Indoor Decor

1. Karin Lidbeck-Brent | 2. The Inspired Room | 3. Martha Stewart Living | 4. Martha Stewart Living | 5. Paperblog | 6. Designer’s Block | 7. Spoonful | 8. Better Homes and Gardens

Besides the color provided by fresh bouquets, floral patterns and accents are obviously a big part of spring décor.

For wall hangings, consider framing pressed flowers—especially if they are sentimental favorites, such as the first rose you ever received. You can also make pressed flower coasters, or swap out your winter candles for more cheerful flower or grass versions.

As symbols of new life, eggs are strongly associated with spring. There are seemingly endless options for Easter eggs, which can be arranged in baskets, bowls, faux nests or birdcages. You can even incorporate live birds by hanging a hummingbird feeder or bird bath directly outside a window.

You can further bring the outdoors in with garden elements, such as watering cans (as vases) or an old garden gate (as a headboard, or as a framing element for a collection of photos).

Spring Greenery

1. Justina Blakeney | 2. From Ezter with Love | 3. Craftberry Bush | 4. Ruffled | 5. Tidbits & Twine | 6. HomeMade Modern | 7. ProFlowers

Spring is largely about new life, and a great way to decorate for spring is to bring living elements into your home.

It is possible to garden indoors, and in more creative ways than your standard terra cotta potted plant. Vertical gardens, for instance, allow you to incorporate a lot of greenery in a very visible way, and while taking up almost no floor space. Likewise, terrariums can be stacked, wall-mounted or even hung from the ceiling.

If you have the room, a planter box can grow a variety of flowers and greens together. And an indoor tree, such as afiddle-leaf fig, can give even a high-rise apartment the feel of a country courtyard.

Overall, just be creative and have fun with your spring decorating. You can’t go wrong if you make it uniquely you.

The Brief Kiss of Bliss: White Roses

Gently and sweetly did he place the large bouquet of luscious roses in my arms. I held them and stared, mesmerized, as if they were a newborn child. Somehow, I was injected with a youthfulness that astounded me…for the expansion within my heart was like the beginning of the most wondrous feeling in the world. For a moment, I saw myself standing at the other end of the long hall, by the window, as my own true self – the image that is purer than that of a mirror.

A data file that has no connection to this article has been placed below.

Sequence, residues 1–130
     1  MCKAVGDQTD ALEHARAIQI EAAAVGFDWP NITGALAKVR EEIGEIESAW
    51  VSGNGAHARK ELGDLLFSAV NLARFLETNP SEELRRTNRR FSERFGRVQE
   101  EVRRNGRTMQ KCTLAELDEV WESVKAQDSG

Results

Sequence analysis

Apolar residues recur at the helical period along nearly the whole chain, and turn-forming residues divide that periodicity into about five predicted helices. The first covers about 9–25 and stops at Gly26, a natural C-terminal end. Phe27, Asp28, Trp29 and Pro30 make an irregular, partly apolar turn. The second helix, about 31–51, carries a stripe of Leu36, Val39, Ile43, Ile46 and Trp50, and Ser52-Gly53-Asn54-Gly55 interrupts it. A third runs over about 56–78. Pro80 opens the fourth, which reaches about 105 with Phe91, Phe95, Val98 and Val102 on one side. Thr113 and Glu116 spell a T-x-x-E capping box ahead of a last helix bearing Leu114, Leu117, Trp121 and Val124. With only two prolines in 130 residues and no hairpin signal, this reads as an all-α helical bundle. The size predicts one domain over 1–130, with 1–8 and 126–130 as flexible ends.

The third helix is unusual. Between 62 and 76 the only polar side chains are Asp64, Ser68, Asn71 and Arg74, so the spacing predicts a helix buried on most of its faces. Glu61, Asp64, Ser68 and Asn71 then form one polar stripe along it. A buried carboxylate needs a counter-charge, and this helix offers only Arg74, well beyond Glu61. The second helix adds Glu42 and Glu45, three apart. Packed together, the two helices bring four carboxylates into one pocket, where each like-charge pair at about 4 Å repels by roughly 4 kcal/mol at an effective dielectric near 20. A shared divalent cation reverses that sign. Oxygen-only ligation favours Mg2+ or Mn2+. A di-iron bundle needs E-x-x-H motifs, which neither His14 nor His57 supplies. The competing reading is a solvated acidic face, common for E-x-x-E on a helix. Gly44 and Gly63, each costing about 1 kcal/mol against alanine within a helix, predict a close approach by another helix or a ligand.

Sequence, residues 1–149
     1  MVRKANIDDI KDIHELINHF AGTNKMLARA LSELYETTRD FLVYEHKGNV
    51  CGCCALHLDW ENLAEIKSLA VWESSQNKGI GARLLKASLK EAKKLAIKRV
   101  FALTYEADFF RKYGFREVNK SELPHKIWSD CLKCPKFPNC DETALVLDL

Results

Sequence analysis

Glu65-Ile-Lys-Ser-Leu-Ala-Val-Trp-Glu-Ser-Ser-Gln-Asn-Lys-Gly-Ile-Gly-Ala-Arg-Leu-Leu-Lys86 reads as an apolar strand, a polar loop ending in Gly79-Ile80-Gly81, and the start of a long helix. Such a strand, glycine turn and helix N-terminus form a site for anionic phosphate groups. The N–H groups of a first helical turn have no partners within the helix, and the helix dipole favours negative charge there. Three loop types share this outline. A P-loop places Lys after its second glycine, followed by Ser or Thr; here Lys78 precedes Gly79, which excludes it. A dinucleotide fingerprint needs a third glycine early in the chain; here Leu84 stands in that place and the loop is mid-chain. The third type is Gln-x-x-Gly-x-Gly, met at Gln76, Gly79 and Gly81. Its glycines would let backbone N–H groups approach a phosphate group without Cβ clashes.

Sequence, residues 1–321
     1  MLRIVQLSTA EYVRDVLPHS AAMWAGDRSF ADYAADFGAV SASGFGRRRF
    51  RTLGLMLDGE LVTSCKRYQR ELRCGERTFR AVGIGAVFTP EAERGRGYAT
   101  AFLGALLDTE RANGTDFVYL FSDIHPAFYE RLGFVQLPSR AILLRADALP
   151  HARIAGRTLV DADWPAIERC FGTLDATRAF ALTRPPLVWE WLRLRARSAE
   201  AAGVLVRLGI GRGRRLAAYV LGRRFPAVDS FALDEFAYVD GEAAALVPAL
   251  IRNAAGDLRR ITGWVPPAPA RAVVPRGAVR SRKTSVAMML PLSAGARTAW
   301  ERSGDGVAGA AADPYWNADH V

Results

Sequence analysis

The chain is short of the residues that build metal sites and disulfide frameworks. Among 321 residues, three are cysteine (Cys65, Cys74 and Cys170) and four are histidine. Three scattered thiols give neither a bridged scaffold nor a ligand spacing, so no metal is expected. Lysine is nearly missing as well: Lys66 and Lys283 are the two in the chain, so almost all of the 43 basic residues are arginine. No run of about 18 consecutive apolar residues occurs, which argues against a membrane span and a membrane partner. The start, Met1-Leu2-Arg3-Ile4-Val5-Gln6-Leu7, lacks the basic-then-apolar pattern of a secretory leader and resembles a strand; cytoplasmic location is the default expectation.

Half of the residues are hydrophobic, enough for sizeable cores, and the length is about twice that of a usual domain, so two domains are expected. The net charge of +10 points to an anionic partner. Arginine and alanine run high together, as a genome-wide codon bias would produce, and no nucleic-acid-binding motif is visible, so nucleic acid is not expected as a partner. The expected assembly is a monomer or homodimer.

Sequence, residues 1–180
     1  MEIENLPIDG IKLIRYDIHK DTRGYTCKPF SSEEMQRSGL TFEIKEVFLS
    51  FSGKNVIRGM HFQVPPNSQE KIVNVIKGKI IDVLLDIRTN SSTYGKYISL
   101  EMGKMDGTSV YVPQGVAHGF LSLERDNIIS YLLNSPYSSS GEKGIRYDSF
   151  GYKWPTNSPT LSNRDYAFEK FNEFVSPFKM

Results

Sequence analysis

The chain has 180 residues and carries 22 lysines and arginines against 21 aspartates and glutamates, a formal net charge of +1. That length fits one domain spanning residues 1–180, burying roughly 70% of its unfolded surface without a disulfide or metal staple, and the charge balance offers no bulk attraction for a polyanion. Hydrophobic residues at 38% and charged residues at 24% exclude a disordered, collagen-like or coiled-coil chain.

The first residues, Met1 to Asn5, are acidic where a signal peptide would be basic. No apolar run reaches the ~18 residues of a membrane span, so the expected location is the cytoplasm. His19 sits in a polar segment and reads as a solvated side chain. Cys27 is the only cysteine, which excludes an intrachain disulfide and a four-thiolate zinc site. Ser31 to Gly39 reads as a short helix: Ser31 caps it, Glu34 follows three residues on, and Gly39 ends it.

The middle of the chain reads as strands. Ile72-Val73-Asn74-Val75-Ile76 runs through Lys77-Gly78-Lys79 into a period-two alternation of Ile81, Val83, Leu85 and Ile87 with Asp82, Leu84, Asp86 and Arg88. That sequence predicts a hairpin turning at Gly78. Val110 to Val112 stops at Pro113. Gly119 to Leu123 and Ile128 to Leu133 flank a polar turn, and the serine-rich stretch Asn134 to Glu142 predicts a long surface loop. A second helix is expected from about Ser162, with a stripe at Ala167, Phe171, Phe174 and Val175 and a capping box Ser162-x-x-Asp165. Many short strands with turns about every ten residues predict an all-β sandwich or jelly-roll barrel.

All this, inspired by an ivory bouquet that relaxed my heart with the serenity and  peacefulness that belongs to divinity itself. The power within the the roots of my soul stretched and rumbled as if awakened for the first time in centuries, the static state banished from my insides – from my being.

With these roses, I felt more alive than ever, I felt his heart beating with mine. It was at that moment I knew…in a way that surpasses imitating what I had been told, no, I actually knew that the only acceptable thing is to grasp for the exceptional. That is why he placed these blooms in my arms, to remind me of the precious nature of exceptionality.

The Farmer and The { Florist } Interview: Sue Prutting of White Magnolia Designs

sue123
I’m sooooo incredibly excited to introduce you to my dear friend and phenomenal floral designer, Sue Prutting of White Magnolia Floral Designs. Sue truly is one of the kindest, most giving women I’ve had the pleasure of meeting on this wild and wonderful flower journey. From the moment we first met at the Ariella Chezar Workshop in 2013, we bonded almost instantly. Soon after, we were inseparable. Sue and I started as “flower friends,” and have become “real-life” friends as well. Sue was right there beside me, lending a patient, supportive and encouraging hand at last year’s wildly popular Seasonal Bouquet Project workshops and again at all of our on-farm workshop this year. She and I are going to team up again on a road trip this fall to do the floral designs for a fellow farmer florist’s wedding in North Carolina. It is going to be epic! Sue is a fantastic floral designer and every time we’re together I learn so much. Sue’s beautiful, abundant designs have brought graceful elegance to weddings, Bar Mitzvahs, book signings and big events in the Washington D.C.-area and in select venues across the country.